Eric Raymond In The Cab Going to The Bazaar
Dec 19, 1999, 02:52 (12 Talkback[s])
(Other stories by Paul Ferris)
No-Size-Fits-All! An Application-Down Approach for Your Cloud Transformation
By Paul Ferris
Editor, Linux Today
The last morning of The Bazaar, I was able to catch up with Eric
Raymond in a cab on the way to the convention hall.
Linux Today: Eric, this is the first
Linux Today: I understand that you wrote
this piece of email or something, called the something something
bazaar, or something...
Eric: The Cathedral and the Bazaar.
Linux Today: Oh really?!? Then maybe your
paper has something to do with why the Bazaar is called "The
Eric: Well, I think so, yes....
Linux Today: Eric, This has to feel
Eric: It's part of a larger pattern of things
that feels good, which means that we're winning!
Linux Today: Yes! We're well on our way to
world domination. A lot of people just want to talk about Linux
being Linux without any long term goals. But I don't see that being
anything very negative. I just want to hear your thoughts on World
Eric: I think that the most important thing is
not Linux in itself dominating the world, but Open Source
infrastructure dominating the world. Solving the software quality
problem. It's because Linux right now is our most plausible means
to that end that I back it.
Linux Today: So, for example, the
BSDs... [BSD used in the context of this interview refers to
several alternative operating systems that are also Free Software or under various Open Source licensing schemes.
There are three popular variants, FreeBSD, NetBSD, and OpenBSD. LT ed.]
Eric: I would actually like to see them succeed
more than they are currently because mono-cultures are vulnerable.
If you get a mono-culture that has just one genetic line then the
first plague can wipe it out. I would like to see more diversity in
the open source community.
Linux Today: For example, what's going on
with Outlook right now?
Eric: I don't know about that...
Linux Today: That's how Melissa is
traveling, a current virus plaguing the non- open source and free
software communities. Because the mail program will run executables
automatically, because of poor user choice in some instances or in
others due to extremely poorly thought out security measures in the
mail client, this leaves people open to a one, two, three punch
The user gets a piece of mail that contains the virus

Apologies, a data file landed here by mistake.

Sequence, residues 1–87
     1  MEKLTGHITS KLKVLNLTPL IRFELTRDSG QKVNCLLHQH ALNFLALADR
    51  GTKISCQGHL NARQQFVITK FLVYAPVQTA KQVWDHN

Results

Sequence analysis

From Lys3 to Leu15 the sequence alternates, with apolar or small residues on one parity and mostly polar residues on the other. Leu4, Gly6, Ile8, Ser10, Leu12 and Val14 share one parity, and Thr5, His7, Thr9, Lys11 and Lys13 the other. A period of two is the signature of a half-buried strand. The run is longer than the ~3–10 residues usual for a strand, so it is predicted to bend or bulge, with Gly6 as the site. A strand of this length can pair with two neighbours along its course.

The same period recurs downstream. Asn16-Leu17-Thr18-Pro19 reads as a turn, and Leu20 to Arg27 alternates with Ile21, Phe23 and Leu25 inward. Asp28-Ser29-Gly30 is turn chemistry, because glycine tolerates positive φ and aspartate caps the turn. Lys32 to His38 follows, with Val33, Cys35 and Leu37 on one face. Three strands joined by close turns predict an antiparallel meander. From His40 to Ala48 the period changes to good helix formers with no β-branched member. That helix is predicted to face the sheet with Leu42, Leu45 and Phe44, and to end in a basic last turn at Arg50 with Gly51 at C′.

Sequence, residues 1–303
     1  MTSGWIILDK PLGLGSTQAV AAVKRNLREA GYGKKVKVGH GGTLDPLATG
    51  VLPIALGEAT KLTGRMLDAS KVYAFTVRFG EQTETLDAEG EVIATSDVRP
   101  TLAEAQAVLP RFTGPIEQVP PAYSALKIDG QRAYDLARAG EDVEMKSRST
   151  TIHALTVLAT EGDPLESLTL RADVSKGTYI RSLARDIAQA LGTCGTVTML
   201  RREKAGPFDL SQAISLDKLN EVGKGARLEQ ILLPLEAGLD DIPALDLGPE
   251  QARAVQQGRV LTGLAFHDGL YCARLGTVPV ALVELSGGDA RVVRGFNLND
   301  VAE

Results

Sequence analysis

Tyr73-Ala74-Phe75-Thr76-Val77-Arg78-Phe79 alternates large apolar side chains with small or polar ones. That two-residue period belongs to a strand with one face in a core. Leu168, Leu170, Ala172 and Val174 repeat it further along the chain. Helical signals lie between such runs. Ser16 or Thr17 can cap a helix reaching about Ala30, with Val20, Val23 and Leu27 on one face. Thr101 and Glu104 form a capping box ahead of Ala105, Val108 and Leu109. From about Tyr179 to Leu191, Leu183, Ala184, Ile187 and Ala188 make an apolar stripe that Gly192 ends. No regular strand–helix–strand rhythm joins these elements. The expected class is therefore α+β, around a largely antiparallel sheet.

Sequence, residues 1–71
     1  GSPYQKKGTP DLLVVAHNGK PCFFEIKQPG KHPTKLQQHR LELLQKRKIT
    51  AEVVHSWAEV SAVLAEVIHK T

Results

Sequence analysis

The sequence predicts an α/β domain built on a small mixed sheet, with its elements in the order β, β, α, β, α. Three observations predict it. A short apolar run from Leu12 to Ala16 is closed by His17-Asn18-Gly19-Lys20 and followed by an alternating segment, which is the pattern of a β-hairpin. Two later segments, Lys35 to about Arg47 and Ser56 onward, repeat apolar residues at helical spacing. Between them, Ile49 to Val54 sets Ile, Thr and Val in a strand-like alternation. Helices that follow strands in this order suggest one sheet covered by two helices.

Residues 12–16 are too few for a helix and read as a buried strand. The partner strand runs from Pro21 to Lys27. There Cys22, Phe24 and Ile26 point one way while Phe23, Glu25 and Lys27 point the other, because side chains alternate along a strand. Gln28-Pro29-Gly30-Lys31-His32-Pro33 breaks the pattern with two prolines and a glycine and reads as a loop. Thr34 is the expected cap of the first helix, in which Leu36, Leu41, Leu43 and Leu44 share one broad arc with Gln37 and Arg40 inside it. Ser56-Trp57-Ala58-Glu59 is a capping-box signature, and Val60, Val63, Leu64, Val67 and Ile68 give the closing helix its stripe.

embedded in an executable or maybe it's a piece of Java script
that's taking advantage of a well-known hole. The virus infects the
current machine, reads information off of the client computer, and
then passes itself on to other computer users.
These virtues would be less of a problem if it were not for
the fact that everyone is practically using the exact same email
clients with exactly the same or very similar security
For example, you can get a spreadsheet that will load a
piece of ODBC code that will do some viral damage. The viruses
wouldn't transfer if it were not for the fact that everyone is
using the same piece of proprietary, bug-ridden, crash-prone
software. Not that I'm opinionated or anything... So, anyways, you
don't want to see Linux end up at 99% like this and then it being a
similar thing right, only I would have to add that Linux would be
far more secure than that, but it would still be vulnerable for
similar reasons -- am I right?
Eric: It would be more secure, because it
wouldn't depend upon "Security Through Obscurity" which any
cryptographer [People that ensure that programming code used
for encrypted transmissions and stored documents is un-crackable LT
ed.] will tell you is a very bad idea. Still I would feel
easier in my mind if there was some diversity.
Linux Today: I think that there is going to
be some of that anyway, even if something like Linux took over in
terms of like 99%, not everybody would be running the same mail
client -- That's something, um, a horrible thing called "choice".
God Forbid we have choice! You know? It's been a great thing for
America, right, Eric, that everyone has no choice? I mean, that is
Eric: Hey, ask a Soviet central planner...